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Not So Elite

Andy Vandervell


You’ll forgive me if this column has a whiff of déjà vu about it. It's just two weeks ago that I was complaining about SKUs, with particular reference to Vista and the Xbox 360. On that occasion the Core edition came in for particular criticism since only the most obtuse of fanboys could possibly claim it to be a useful addition to the Xbox brand.

Now, when I wrote that column, I was well aware of the rumours surrounding a new Xbox 360 SKU but chose not to mention them since there was no official confirmation. For those who have been hiding for the past few days, those rumours turned into reality last week when Microsoft confirmed its plans for the Xbox 360 Elite. Sporting a new all black livery with HDMI and a 120GB hard drive, many perceive it to be Microsoft’s reply to the PS3. My question: is it enough?

The obvious problem here is the lack of an HD DVD drive. Microsoft has, in the past, been at pains to point out that it would never use HD DVD for games. That’s fine, we get that. But, Microsoft has always been ambiguous about whether it would ever put an HD-DVD in the console rather sticking with the external drive.

Since Microsoft has been so reluctant to say either way many people have presumed that such a development was inevitable, and who would blame them? It’s a logical progression for the Xbox 360, especially considering Microsoft’s previous support for the format and the convenient counterpoint an HD DVD drive would provide to the PS3’s Blu-ray player.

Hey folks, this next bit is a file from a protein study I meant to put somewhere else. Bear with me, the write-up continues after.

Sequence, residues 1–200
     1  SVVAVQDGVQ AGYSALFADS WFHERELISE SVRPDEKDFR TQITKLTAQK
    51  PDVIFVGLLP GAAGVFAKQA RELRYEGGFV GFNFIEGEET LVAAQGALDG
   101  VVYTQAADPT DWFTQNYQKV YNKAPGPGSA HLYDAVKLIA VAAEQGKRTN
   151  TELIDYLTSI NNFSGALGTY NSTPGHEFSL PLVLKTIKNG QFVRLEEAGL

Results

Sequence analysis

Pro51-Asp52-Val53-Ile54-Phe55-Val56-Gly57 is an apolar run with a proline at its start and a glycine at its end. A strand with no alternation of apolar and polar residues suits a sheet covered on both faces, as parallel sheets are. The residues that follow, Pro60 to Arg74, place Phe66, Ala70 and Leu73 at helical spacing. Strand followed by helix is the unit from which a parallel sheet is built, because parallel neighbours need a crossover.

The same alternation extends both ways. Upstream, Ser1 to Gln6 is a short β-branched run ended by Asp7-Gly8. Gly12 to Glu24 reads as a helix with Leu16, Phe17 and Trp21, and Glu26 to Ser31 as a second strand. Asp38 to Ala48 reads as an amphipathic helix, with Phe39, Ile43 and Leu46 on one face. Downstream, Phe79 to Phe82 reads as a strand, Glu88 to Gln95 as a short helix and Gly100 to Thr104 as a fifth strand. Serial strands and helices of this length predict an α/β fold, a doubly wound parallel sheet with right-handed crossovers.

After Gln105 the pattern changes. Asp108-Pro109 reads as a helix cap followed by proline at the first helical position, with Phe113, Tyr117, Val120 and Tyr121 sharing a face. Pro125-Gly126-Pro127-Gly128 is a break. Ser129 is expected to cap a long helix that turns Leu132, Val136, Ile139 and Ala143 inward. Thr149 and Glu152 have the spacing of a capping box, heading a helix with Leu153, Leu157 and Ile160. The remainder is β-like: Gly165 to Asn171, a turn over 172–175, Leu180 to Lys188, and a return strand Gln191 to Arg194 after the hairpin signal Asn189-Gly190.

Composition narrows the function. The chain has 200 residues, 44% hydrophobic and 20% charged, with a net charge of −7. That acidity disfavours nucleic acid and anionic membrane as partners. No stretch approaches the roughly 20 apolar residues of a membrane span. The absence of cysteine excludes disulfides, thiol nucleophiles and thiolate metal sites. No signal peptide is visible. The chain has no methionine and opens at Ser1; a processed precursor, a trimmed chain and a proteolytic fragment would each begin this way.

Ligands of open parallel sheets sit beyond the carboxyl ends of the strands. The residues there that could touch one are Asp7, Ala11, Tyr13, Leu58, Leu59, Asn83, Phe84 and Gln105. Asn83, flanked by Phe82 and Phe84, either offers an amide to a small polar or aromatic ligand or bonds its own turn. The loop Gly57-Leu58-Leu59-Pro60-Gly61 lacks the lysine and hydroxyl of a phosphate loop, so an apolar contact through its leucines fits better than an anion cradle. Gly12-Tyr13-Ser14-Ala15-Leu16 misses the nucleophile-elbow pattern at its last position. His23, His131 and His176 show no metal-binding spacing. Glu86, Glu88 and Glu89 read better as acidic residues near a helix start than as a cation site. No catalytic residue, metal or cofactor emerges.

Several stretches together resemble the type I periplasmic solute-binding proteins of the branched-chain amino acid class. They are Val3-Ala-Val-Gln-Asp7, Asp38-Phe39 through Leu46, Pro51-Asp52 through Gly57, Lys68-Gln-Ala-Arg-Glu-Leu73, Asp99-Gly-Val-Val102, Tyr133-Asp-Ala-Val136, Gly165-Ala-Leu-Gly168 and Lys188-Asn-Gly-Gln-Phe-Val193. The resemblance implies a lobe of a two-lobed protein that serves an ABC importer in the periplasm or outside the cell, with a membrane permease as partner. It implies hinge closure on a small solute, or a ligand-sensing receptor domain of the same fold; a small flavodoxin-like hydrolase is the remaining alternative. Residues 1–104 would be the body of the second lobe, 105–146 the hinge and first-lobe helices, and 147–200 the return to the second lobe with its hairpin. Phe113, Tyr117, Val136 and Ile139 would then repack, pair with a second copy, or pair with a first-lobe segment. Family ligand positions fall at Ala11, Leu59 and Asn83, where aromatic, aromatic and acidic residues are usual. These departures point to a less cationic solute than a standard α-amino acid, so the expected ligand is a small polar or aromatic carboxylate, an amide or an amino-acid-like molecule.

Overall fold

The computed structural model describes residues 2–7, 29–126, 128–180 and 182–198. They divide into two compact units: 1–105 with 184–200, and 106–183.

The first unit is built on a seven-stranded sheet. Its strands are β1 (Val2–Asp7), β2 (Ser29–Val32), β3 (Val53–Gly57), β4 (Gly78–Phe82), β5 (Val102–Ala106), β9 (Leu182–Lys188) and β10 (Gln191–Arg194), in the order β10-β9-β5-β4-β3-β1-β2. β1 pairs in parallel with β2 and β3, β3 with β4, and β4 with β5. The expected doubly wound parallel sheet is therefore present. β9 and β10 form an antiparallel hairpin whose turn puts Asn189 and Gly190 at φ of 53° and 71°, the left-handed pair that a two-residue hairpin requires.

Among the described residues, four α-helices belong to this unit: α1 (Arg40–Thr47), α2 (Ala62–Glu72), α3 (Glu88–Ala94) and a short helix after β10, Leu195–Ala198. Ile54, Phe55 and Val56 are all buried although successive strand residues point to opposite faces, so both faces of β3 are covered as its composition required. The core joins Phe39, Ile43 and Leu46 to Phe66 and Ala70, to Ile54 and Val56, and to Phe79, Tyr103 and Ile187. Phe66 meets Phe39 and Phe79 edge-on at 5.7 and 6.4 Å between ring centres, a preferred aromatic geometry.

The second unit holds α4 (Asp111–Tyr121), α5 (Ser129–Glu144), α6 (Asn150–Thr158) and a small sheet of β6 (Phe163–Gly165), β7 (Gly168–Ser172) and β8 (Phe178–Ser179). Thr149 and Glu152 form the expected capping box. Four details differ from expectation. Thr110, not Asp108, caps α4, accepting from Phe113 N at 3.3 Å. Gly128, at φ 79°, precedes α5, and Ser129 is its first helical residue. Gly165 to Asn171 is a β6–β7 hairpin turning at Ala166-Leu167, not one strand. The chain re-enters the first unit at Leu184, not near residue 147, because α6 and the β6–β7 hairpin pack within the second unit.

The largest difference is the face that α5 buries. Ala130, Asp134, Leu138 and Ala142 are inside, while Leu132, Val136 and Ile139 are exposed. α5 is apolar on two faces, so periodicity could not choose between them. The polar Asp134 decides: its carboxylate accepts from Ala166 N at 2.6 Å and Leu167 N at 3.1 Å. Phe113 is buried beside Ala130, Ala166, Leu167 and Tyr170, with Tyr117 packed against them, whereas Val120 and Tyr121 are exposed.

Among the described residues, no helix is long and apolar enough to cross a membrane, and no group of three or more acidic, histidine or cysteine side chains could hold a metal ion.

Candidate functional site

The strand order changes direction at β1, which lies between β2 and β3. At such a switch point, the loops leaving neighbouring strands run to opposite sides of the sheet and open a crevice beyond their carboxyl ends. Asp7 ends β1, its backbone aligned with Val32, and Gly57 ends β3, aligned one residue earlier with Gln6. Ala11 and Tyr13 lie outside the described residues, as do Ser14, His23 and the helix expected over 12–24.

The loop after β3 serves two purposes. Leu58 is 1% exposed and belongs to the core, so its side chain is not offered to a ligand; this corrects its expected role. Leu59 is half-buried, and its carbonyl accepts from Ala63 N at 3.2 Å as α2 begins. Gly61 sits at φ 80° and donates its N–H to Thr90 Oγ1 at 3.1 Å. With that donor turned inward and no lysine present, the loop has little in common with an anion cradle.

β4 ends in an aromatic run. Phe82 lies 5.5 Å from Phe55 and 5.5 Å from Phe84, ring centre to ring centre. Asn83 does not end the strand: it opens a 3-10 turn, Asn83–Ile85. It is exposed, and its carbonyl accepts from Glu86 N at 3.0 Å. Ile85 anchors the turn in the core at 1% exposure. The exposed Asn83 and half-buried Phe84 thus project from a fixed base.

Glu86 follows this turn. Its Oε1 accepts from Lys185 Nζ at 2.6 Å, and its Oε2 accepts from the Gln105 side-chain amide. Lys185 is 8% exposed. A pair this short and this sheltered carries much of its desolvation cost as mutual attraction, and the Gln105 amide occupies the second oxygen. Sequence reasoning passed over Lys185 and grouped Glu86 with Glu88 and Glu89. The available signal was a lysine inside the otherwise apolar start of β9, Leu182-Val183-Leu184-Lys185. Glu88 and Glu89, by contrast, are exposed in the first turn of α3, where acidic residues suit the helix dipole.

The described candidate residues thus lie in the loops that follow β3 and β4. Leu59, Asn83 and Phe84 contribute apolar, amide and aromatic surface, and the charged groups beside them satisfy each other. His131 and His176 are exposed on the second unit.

So why has Microsoft neglected HD DVD? One can posit any number of reasons; cost being the first that springs to mind. There are obviously extra costs involved in including an HD-DVD drive, but it wouldn’t be a new development for Microsoft to underwrite the cost of its consoles. From the very beginning Microsoft has done this, with the profits from its other interests making it possible.

Paradoxically, it’s this fact that may well have contributed to this decision. Having spent a lot of time developing the Xbox brand, Microsoft has yet to actually make any money from the project. As advantageous as including an HD DVD drive might be, it isn’t difficult not to imagine the powers that be considering further haemorrhaging of money as a needlessly expensive strategy. Interestingly, it also shows a lack of belief in HD DVD as a format - perhaps Microsoft believes Blu-ray will win?

Another consideration is how a new HD DVD equipped Xbox would be perceived by its current owners. All those millions of consumers, who have put their money down and bought an Xbox 360, would no doubt feel very aggrieved if Microsoft brought out a far superior product above the Premium pack. As is stands, one can buy a new 120GB hard drive and have more or less the same functionality as the Elite. HDMI does provide a better quality image, but without HDCP protected content from a high definition optical format it’s hardly essential.

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